Wednesday, December 5, 2012

Drag Theory vs. Queer Theory


“What Ever Happened to Baby Jane” (1962)
“Baby Jane?” (2010)
"Queer Icon: The Cult of Bette Davis (2009)
"Your Name Is Not Eve Harrington" (2011)
"Staircase" (1969)

1. The major difference between Billy Cliff’s version of Drag Theory (DT) and David Halperin’s concept of Queer Theory (QT) is that Betty Davis rather than Joan Crawford is GOD.

2. Matthew Martin is the drag queen who plays GOD in “Baby Jane?” (2010). His/her version of Bette Davis is highly superior to J. Conrad Frank’s version of the Joan Crawford Blanche character.

3. For example, Mathew Martin performs another version of GOD by reenacting the wicked scene between EVE Harrington and George Sanders in a brief skit entitled “Your Name is Not Eve Harrington.”

4. Matthew Martin first became enthralled by Joseph Mankiewicz's archly crafted dialogue for ALL ABOUT EVE as a very young boy. By the time he reached high school, Matthew was well rehearsed and more than ready to shock classmates and faculty alike with a solo gender-busting performance of the movie's climactic scene, recreated here, pitting ruthless columnist Addison DeWitt against ambitious young actress Eve Harrington.

5. Playing GOD, acting GOD and being GOD, of course, can end up being a BITCH FIGHT between the two major BITCH QUEENS of Hollywood. Davis on finding out that Crawford would be her co-star said simply: “I’ll claw her eyes out.”

6. QT queen bee Miss Halperin piddles around with a minor chapter in her academic QT tome “How To Be Gay” on one of Joan Crawford’s maudlin dreary-deary movies “Mildred Pierce.”

7. But DT actor, singer, dancer, impersonator of the stars and performer extraordinaire Mathew Martin in his/her role as Baby Jane in “Baby Jane” (2010) does just what Bette Davis said she’d do with her competition in “What Ever Happened To Baby Jane?” (1962).

8. There can be only one GOD. As Mathew Martin archly says in the “All About Eve” skit with the bitchy drama critic George Saunders saying: “Your Name is Not Eve Harrington. In fact, honey, you could never be another Eve Harrington even if you tried!!!”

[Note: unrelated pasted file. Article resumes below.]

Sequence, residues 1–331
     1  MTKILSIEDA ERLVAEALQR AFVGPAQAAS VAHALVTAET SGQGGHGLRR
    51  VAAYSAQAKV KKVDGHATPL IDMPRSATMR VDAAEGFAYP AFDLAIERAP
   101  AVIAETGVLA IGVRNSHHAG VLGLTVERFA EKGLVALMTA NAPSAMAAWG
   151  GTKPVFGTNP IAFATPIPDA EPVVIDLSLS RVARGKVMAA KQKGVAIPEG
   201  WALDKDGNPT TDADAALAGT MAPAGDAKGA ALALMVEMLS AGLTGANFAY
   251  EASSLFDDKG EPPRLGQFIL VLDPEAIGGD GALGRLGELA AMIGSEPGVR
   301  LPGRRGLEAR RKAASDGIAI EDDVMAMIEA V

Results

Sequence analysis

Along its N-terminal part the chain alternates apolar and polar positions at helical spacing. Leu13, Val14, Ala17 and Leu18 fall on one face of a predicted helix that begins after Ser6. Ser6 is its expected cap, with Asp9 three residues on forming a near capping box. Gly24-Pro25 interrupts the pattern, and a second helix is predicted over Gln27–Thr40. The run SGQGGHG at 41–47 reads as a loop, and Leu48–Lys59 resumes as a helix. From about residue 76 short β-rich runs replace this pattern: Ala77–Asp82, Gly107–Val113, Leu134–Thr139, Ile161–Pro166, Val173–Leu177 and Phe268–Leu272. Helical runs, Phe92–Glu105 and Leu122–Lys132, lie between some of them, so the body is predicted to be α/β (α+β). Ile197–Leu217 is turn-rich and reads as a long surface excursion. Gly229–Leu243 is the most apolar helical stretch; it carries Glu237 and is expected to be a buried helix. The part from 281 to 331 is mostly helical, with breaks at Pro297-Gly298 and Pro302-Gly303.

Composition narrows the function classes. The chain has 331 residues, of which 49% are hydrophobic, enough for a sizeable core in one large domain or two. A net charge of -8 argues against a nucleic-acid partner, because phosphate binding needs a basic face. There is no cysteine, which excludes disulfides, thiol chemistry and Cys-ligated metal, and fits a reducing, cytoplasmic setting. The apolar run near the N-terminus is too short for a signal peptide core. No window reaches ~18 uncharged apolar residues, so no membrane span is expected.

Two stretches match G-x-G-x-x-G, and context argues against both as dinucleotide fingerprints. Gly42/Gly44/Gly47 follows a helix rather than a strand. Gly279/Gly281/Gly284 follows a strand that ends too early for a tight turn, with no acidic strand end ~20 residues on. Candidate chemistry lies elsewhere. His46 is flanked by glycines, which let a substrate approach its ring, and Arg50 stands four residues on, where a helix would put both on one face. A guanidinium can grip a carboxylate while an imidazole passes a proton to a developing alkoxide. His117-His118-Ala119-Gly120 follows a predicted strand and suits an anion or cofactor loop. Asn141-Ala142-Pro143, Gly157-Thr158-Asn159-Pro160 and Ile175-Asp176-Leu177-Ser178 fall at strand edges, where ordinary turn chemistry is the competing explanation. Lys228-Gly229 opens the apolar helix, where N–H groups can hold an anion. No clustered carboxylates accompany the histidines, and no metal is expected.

9. Bette Davis claws Joan Crawford’s eyes out—up the stairs, down the stairs, in the cellar with the rats, and especially while doing “A Letter to Daddy” with Victor Buono as Edwin Fagg in front of her rehearsal mirror downstairs in the living room.

10. Bette Davis eats up the scenery. Isn’t that what GOD does? She hogs up the attention of the moviegoer like a Grande Dame Guignol Goddess—leaving the sob-story, saccharine, put-upon tear-jerker scenes to whiny Blanche upstairs ringing her buzzer madly.

11. Bette Davis even does a perfect version of Joan Crawford herself on the phone—impersonating Blanche to the drugstore manager who’s reluctant and hesitant to grant Baby Jane anymore deliveries of booze.

12. The tensions involved between Drag Theory vs. Queer Theory in regard to Hollywood—involves a much more detailed delineating of the various filmic aspects of attempted camp impersonations of GOD than just the aforementioned Blanche-Baby Jane clawing-the-eyes-out conflicts or Miss Halperin’s rather stingy, paltry pronunciamentos on simply one gay classic “Mildred Pierce” (1945).

13. For one thing, honey, a gay film noir classic like “Mildred Pierce” may be good enough for minor QT film discussions in TV Guide—but really my dear. Fag noir has come and gone, along with that whole dreary genre of noir femme fatales and heartless anti-heroines. QT queens wise up!!! Try to be more Moderne, my dears.

14. For example, there’s a whole sub-genre of Grande Dame Male Guignol stars just waiting in the DT wings—like Rex Harrison and Richard Burton in that exquisite hairdresser flop of a movie entitled “Staircase” (1969). Yes, as the credits unroll and get smaller & smaller as the Staircase ascends the sky to GOD—there’s a drag queen angelic choir singing sad laments for the poor old queens left back down there suffering away in their hellish Earthbound Str8t Existence, what a tacky terrible Fate!!!

15. Drag, darlings, doesn’t have to be flamboyant, kitschy, cute, klutsy, bungling “Some Like It Hot” Burlesque—nor does it have to be exquisitely sophisticated Marlene Dietrich “Blue Angel” cabaret camp.

16. A perfect DT moment approaching GOD in a very minor day-to-day bourgeois way—would be the scene in “Staircase” where Miss Burton and Miss Harrison are in their beauty parlor shop. Doing what a married couple of male Hairdressers do their whole lives—nonchalantly giving each other a morning shave and little touch-up.

17. Such a DT moment approaching GOD in its quite ordinary, down-to-earth, ever so subtle, touchingly simple, Dainty Domesticity way—would be how nonchalantly Miss Burton and Miss Harrison flip the barber’s apron around each other, tying it delicately at the neck, doing the delicate shave-cream and razor-routine, a little clip here, a little clip there, nothing extremely flamboyant enough to qualify for Drag, my dears, other than treating each day as just another minor step in the Stairway to Heaven above?

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